“There’s no way in two days this could happen without the community. It took us three months to get the other place together,” said Linda Byrns, preschool teacher and mother of Rodriguez.

“Volunteers came out in droves,” said Willits City Manager Adrienne Moore. “Just an amazing show of support for a very unexpected and unfortunate event.”

“I almost choked up. It’s just amazing what a community can do when they come together like this,” said the fire chief, who stopped in at the new location Monday.

By Monday, children were using three rooms that had been converted to bright and cheery kid-friendly spots for naps, music and playing. Outside they ran on a newly fenced-in lawn and even rode some of the cleaned-off trikes snagged from the nearby fire scene.

It was the latest tragedy to grip the town.

On Nov. 1, lifelong Willits resident and dance instructor Kayla Chesser, 25, was found dead in her Brooktrails home and her death is being investigated as a homicide. The day before the fire, three people were killed in a three-car crash on Highway 101 just south of Willits.

The fire occurred in the center of the Mendocino County town, one block from the police station and two from the fire station.

Flames coming from the second floor apartment were spotted just before 4 a.m. by an officer.

Volunteer firefighters in the first responding engine were alerted at 3:58 a.m. and were at the fire within three minutes, Magann said. Firefighters had been inside the burning apartment for six minutes when police ordered them out because of a woman brandishing a handgun in the bar below.

In a press release issued Sunday, Willits Sgt. Jacob Donahue said the armed woman was barricaded in a downstairs business below the burning apartment. He said her actions hindered firefighting and endangered lives but that she was eventually subdued and arrested.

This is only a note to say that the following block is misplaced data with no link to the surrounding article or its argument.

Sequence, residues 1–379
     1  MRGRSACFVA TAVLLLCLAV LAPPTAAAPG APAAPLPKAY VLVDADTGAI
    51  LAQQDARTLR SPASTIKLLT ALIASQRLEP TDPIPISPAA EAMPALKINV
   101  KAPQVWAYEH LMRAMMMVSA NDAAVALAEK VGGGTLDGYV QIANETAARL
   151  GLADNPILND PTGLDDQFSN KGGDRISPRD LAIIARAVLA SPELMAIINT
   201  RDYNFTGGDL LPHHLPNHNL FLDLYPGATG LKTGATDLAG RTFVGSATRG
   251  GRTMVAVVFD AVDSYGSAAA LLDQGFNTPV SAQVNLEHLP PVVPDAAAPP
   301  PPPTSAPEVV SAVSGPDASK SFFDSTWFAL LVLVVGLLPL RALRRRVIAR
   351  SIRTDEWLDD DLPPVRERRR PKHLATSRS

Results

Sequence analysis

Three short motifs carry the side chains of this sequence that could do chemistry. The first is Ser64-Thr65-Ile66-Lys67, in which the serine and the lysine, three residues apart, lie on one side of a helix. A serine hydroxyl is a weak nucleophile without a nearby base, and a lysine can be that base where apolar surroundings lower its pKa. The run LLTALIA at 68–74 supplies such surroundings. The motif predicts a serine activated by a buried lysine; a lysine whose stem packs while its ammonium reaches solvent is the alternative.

Magann had called for mutual aid as the fire grew, eventually getting 35 firefighters from a total of six agencies. The fire was reported under control at 6:40 a.m.

In the end, the huge building couldn’t be saved. The content loss to the three businesses was estimated at $225,000. The damage to the structure still was being tabulated.

The flames also took as much as 200,000 gallons of water from the drought-stricken town.

Magann praised the fire crews for saving as much as they did, including the majority of the preschool, with the limitations they faced.

Monday, the charred remains included the blackened fireplace from John’s Place. With its motto of ‘best little bar in Willits,’ the decades-old saloon and old-timers bar was known for its live rock ’n’ roll shows.

Fires were often going in the wood-burning fireplace when the bar opened at 8 a.m. “It was a place where old timers could come warm their bones and have a cocktail,” said bartender Gabe Smith.

Lost in the fire were hand-painted portraits on the walls of many of the regulars, past and present. In the last year improvements had included two new pool tables, a punching machine and new pinball and video machines, Smith said.